"It is time to change!"
Translation:Il est temps de changer !
Could someone explain please why it is "il est temp..." but "c'est <le> temp ..."
It's not straightforward to know when to use c'est and when to il est. However, there are rules governing their use. For example:
il est / elle est / il sont / elles sont are replaced by by c'est / ce sont when they are followed by a noun which is modified by:
• an indefinite article: un, une, des
• a definite article: le, la, les
• a possessive adjectives: mon, ma, mes, tu, vous, son, sa, ses
• a demonstrative adjectives: ce, cette, ces
• by a number: deux, trois...
Note that the noun can also be modified by an adjective as well
ce sont des soldats - they are soldiers
c'est mon frère - He is my brother
C'est un mauvais ami - he is a bad friend
elle est amicale - She is friendly
c'est un bon conducteur - he is a good driver
ce sont de grandes femmes. - they are tall women
C'est la pire étudiante. - She is the worst student.
There are a few exceptions such as c'est and il est are both are correct for nationality, profession, national origin and religion
elle est allemande - she is German
c'est une allemande - she is a German (Note: allemand(e) can act as both an adjective and a noun)
Son amie est journalist. - his friend is a journalist
Another exception is when the construct:
c'est + masculine singular adjective
conveys a general idea
le français c'est fantastique - French is fantastic
j'étudie le français, c'est intéressant - I am studying French, it is interesting (contrast with j'écoute le prof, il est intéressant)
c'est incroyable - it is incredible
Yes, please, I would like to know this, too. Is it just idiomatic of "il est temps"?
Here the preposition de is used because of the following: Generally, when you have the structure: il est + adjective / noun + preposition + infinitive
and the subject is a dummy subject you need the preposition de and when the subject is concrete you need the preposition à
In this case the word it acts as a dummy subject, hence the use of the preposition de
so what is a dummy subject
Subject pronouns usually replace a noun, as in "I bought a car. It's green." In the second sentence, "it" is replacing "car" from the first sentence, which makes "it" a real subject.
In contrast, the "it" in a sentence like "it's raining" is not referring to or replacing a person, place, or thing. Both English and French need subjects for their verbs, but sometimes, as with impersonal verbs and expressions, there isn't a real subject.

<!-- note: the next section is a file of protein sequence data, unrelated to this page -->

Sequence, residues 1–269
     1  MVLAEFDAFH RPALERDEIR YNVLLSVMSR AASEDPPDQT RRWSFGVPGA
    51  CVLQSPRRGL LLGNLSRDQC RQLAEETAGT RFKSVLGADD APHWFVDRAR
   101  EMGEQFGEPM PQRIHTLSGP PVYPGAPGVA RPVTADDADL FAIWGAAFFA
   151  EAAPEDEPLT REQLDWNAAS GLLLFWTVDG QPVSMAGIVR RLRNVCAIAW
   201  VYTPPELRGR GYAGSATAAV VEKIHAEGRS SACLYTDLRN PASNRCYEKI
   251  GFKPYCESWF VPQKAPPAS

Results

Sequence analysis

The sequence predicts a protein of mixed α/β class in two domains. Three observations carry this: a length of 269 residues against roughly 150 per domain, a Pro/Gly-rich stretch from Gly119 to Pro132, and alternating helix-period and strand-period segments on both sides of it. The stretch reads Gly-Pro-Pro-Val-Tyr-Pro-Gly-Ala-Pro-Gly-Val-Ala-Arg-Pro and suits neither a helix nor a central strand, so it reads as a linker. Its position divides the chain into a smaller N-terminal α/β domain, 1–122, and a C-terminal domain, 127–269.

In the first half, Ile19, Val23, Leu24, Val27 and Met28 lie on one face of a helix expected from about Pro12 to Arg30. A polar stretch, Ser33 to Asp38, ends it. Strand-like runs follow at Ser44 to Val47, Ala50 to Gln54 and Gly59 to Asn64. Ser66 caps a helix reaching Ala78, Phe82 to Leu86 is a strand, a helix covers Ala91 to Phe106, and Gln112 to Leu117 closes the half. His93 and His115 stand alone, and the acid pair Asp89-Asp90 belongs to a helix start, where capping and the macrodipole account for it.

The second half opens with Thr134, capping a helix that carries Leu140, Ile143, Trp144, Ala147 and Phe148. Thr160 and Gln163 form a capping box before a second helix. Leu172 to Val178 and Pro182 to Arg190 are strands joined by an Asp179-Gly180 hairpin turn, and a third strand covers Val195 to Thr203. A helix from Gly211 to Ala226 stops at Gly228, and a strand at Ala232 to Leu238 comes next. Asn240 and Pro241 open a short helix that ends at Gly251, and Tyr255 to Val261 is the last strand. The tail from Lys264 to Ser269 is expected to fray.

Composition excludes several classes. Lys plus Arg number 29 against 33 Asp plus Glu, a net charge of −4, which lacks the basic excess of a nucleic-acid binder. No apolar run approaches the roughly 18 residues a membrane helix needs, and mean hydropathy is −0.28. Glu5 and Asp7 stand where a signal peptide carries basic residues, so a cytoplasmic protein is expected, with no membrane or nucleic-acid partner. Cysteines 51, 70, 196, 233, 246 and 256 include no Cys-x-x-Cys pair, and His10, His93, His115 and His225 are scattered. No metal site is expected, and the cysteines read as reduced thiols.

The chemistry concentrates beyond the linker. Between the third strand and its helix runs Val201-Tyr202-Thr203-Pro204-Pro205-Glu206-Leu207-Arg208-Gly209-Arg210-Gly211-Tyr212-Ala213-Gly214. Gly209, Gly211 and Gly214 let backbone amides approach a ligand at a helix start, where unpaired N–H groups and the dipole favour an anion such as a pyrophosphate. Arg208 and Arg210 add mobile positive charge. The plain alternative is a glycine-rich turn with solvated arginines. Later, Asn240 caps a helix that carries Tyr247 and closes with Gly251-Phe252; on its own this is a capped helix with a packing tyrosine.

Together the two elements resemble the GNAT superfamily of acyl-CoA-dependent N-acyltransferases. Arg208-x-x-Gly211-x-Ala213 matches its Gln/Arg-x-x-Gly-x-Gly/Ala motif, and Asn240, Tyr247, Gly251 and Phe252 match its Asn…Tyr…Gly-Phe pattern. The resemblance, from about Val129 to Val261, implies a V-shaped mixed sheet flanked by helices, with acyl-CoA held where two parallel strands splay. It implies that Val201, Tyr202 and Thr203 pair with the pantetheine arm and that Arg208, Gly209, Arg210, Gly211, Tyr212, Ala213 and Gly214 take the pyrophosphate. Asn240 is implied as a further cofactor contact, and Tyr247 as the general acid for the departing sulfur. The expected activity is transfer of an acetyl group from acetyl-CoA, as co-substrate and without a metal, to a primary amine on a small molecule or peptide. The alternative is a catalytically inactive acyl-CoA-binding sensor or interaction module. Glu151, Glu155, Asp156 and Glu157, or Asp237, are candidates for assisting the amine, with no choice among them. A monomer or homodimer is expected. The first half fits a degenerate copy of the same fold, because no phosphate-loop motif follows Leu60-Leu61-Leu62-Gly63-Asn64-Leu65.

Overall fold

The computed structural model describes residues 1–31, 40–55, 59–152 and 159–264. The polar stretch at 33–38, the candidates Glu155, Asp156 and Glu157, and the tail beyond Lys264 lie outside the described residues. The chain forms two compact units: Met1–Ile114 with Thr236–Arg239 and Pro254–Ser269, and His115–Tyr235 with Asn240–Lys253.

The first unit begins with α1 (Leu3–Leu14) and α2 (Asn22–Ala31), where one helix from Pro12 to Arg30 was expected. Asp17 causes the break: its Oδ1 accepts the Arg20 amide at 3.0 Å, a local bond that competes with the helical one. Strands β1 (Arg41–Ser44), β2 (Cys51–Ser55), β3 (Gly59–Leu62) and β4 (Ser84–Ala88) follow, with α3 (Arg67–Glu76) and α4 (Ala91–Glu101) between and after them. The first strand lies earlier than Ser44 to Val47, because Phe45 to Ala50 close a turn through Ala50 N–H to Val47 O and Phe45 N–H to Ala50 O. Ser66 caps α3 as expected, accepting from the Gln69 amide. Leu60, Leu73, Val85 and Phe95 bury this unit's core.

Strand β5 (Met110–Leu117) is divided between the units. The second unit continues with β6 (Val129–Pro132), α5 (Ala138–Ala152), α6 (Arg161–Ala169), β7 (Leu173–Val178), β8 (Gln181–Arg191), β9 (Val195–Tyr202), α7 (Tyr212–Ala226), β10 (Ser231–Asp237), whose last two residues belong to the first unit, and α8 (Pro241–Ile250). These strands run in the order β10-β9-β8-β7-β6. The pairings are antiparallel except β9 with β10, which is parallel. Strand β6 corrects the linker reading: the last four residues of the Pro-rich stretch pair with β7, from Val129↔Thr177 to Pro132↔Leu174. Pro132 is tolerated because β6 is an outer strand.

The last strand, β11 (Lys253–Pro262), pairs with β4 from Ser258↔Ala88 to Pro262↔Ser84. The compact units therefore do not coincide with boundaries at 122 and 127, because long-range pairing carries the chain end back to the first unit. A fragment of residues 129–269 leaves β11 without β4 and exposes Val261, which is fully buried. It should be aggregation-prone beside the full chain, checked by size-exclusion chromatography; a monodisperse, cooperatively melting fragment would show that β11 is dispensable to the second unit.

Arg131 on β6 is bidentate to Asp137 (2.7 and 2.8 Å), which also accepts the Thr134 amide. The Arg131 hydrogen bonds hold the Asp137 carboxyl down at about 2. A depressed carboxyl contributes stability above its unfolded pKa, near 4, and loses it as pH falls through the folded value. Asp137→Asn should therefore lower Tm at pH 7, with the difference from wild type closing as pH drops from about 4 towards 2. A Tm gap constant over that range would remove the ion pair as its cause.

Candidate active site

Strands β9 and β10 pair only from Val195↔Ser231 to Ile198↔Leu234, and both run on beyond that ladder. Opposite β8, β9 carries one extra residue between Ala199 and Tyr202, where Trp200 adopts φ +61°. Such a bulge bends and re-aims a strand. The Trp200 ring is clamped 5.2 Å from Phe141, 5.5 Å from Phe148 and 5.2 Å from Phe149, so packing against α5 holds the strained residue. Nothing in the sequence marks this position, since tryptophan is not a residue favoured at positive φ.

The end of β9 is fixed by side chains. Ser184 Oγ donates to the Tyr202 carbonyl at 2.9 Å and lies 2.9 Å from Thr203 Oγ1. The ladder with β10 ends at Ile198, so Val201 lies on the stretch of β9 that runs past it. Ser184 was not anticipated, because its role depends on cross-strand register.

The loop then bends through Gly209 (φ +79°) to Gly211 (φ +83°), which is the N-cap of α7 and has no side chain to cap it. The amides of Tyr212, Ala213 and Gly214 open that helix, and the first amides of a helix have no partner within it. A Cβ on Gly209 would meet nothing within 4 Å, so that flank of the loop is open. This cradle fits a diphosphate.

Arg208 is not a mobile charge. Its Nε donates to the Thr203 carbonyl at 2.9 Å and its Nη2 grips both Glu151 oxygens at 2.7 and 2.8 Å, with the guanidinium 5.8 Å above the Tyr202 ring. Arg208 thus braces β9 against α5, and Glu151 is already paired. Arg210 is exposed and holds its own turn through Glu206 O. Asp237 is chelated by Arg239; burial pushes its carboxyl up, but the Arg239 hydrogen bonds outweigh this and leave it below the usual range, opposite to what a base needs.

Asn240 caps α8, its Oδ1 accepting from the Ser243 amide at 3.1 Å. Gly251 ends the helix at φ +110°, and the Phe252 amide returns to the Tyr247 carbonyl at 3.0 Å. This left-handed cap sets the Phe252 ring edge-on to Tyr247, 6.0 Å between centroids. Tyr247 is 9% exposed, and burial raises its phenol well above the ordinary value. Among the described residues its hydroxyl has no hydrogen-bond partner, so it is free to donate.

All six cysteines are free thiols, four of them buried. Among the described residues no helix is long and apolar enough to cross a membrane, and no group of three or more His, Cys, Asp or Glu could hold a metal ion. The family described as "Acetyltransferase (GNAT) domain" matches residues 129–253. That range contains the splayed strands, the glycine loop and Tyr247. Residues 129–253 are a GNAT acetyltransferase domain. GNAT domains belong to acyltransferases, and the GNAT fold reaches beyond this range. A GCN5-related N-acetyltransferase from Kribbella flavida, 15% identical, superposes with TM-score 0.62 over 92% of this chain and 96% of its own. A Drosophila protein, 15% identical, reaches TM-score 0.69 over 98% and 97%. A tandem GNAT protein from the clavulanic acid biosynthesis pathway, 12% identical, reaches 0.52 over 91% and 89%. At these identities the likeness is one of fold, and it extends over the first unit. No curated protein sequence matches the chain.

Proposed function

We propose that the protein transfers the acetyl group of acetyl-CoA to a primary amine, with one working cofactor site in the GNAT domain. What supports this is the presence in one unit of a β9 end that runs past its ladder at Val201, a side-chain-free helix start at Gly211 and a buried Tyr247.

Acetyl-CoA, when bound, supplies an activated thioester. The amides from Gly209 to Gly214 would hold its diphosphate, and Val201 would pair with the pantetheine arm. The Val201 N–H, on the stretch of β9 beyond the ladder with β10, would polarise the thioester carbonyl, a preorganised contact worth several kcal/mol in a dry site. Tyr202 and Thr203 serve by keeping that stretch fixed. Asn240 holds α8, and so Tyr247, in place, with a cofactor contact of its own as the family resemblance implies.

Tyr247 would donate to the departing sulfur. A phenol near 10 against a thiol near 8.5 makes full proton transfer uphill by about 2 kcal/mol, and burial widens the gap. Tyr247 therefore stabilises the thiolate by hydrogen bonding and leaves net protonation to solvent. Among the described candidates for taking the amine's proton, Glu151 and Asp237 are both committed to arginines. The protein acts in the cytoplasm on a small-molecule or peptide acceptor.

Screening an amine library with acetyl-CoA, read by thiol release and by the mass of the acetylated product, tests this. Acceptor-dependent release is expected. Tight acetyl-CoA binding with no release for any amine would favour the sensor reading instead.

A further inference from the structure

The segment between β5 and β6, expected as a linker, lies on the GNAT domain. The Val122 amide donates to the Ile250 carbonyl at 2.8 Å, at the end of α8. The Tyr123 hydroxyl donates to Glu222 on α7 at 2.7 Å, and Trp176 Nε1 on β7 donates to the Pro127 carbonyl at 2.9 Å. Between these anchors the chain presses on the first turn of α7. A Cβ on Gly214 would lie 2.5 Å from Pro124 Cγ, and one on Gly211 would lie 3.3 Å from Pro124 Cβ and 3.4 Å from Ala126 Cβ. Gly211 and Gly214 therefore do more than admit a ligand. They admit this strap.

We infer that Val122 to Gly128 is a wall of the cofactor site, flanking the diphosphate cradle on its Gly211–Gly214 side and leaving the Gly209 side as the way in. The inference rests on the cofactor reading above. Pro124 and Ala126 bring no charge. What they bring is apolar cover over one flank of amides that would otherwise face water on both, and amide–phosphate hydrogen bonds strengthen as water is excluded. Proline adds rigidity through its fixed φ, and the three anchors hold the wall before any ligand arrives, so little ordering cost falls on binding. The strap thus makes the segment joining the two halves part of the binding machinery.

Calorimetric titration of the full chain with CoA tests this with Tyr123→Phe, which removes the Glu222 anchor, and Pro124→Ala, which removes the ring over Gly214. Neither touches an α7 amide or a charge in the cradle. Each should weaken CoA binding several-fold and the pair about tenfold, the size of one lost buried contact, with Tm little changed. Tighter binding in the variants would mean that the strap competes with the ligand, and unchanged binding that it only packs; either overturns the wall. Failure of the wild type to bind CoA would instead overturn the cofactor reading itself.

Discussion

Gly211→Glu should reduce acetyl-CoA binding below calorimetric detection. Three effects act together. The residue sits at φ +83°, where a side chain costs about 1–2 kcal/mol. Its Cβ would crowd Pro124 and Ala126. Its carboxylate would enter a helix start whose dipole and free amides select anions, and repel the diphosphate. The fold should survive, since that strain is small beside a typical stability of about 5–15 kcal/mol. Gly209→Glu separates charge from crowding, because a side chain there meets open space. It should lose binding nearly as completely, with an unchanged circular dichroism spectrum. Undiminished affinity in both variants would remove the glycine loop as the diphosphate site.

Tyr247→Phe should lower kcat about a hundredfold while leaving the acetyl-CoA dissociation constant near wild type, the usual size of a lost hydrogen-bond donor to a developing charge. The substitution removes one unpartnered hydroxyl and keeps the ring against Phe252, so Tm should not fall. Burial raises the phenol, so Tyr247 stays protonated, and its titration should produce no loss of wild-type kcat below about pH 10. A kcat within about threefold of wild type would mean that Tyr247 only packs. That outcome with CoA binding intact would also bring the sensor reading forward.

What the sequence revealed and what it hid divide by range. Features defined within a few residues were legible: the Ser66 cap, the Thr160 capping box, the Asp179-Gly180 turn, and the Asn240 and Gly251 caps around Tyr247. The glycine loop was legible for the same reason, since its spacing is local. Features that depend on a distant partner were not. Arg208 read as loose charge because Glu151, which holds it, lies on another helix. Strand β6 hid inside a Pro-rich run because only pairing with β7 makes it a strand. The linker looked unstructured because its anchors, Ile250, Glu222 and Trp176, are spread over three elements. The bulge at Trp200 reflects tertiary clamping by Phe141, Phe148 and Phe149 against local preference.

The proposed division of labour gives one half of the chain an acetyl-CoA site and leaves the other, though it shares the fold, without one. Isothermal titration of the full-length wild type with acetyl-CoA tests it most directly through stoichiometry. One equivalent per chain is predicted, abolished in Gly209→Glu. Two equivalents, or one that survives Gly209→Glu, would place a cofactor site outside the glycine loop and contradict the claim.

Therefore, dummy pronouns ("it" in English and il in French) provide a subject for those verbs:
il est bon d'exercer. - it is good to exercise.
Il est difficile de manger parce que j'ai mal à la gorge - it is difficult to eat because I have a sore throat (the word it acts as a dummy subject- meaning the act of eating is difficult)
le homard est difficile à manger - the lobster is difficult to eat
il est difficile à manger (il here represents a concrete subject namely the lobster)
But the question is not "time of change" but "time to change" two statements with hugely different connotations. Is it true that French can't deliniate?? I think not. Seems to me that this translation is muddied.
I think (not 100% but 90%) that would only be "It is the time for change", which is a little different. Il est temps de is translated to It is time anyway, so I'm not sure there would be another translation that had the same English result.
how does one translate "it's the time OF change"? (meaning it's a period where change is occurring?)
Presumably it would involve the noun form of "change". "C'est le temps du/de la change", perhaps? (Just guessing).
Why "il est temps de changer" is good, but "C'est temps de changer" is wrong? I don't see the difference between the two sentences
this is how I understood it (in English - it's time to change) and translated into French obviously wrong...
Frustrating hints - I was looking for whether it should be "de" or "pour" changer; only hints involved jusque or vers - wrong!
this section has me so frustrated, I am thinking of stopping the lessons. There are so many rules that just pop up. I do not know how to keep track of them all.
Both are accepted here, but which translation sounds better to native ears? 1. Il est temps de changer! -OR- 2. C'est l'heure de changer!
I answered,"C'est temps de changer." Duo said,"C'est l'heure de changer." Could someone please explain why I was incorrect? I am confused!